Secondhand smoke and young children
Secondhand smoke is the smoke breathed out by smokers and the smoke from the burning end of a cigarette, cigar or pipe. The smoke from the burning end of a cigarette has many harmful chemicals. Exposure to secondhand smoke is called involuntary smoking, or passive smoking, and it is extremely harmful to the health of young children.
- Children who breathe secondhand smoke are more likely to suffer from pneumonia, bronchitis, and have more ear infections.
- Children who breathe secondhand smoke are more likely to develop asthma.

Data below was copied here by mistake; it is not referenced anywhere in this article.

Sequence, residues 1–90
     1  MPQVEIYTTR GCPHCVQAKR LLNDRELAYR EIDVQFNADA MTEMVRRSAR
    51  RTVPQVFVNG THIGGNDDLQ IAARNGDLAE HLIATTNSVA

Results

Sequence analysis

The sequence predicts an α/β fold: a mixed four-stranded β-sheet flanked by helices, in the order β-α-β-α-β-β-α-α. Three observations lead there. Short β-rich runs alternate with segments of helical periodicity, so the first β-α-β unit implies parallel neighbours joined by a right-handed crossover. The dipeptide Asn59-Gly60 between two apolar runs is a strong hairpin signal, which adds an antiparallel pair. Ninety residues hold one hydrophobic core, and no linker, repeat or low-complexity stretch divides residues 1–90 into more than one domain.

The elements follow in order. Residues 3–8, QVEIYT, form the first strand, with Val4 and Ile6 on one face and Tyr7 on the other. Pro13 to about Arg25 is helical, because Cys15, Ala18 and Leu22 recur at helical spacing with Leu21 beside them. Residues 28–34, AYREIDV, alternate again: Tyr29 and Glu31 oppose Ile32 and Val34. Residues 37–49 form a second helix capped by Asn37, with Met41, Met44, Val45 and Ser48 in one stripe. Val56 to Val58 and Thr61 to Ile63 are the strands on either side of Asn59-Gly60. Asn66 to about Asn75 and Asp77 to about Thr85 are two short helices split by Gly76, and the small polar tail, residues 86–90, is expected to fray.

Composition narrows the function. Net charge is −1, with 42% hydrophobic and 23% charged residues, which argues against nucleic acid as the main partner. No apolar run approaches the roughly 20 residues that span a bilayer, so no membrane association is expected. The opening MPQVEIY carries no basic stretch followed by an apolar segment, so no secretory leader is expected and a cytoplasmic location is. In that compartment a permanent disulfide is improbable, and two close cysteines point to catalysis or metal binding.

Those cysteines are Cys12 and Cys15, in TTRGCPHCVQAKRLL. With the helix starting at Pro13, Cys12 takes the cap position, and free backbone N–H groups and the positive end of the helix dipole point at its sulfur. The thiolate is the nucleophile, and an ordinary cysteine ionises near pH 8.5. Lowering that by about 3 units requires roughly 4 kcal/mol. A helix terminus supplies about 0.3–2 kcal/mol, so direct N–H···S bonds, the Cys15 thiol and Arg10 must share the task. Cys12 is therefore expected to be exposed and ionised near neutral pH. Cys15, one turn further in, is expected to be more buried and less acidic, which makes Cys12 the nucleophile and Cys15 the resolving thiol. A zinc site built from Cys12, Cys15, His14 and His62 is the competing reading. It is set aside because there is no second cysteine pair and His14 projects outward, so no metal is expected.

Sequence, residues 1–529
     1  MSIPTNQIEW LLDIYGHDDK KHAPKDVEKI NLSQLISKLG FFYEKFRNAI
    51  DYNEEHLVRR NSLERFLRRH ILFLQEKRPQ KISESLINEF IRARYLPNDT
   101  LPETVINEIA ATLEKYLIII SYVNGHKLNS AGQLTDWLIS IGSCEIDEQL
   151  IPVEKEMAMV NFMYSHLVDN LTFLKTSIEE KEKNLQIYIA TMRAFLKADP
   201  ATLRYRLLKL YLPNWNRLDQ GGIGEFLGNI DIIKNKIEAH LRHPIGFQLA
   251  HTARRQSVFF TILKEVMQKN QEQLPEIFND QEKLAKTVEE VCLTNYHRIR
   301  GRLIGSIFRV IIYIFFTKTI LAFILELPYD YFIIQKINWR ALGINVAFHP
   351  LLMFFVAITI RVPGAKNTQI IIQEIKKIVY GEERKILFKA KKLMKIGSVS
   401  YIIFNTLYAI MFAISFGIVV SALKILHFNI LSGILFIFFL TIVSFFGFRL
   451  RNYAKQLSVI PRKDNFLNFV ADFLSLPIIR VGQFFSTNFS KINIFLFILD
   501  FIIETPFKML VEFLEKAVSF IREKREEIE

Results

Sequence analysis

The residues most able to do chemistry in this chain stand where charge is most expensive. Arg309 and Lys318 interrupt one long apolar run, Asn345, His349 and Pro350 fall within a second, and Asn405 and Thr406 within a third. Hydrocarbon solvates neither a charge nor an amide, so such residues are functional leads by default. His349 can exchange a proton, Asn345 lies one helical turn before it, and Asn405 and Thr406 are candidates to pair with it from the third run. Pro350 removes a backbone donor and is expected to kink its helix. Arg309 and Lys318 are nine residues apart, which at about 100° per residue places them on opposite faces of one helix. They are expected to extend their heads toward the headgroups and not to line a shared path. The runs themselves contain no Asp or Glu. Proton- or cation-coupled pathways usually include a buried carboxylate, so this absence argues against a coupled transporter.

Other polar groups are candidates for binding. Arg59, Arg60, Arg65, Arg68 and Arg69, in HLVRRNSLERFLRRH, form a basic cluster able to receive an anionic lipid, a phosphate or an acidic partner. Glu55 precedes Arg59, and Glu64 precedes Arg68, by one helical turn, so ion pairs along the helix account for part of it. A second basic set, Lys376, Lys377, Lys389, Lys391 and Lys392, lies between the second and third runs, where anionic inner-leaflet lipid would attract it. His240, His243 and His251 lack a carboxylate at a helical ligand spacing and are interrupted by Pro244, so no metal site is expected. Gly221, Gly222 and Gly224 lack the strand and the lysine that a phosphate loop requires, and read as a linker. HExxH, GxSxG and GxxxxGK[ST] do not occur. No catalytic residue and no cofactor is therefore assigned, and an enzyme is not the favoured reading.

- If they have asthma and breathe secondhand smoke, they are more likely to have more asthma attacks.
- Every year there are hundreds of thousands of cases of infections, such as bronchitis and pneumonia, in infants and children under 18 months of age who breathe secondhand smoke, resulting in tens of thousands of hospitalizations.
To prevent children from being exposed to secondhand smoke, take these precautions:
- Never smoke around children
- Don’t let others smoke around children
- Don’t let people smoke near the entrances or exits of child care areas
- Don’t let people smoke on or near playgrounds where children are routinely present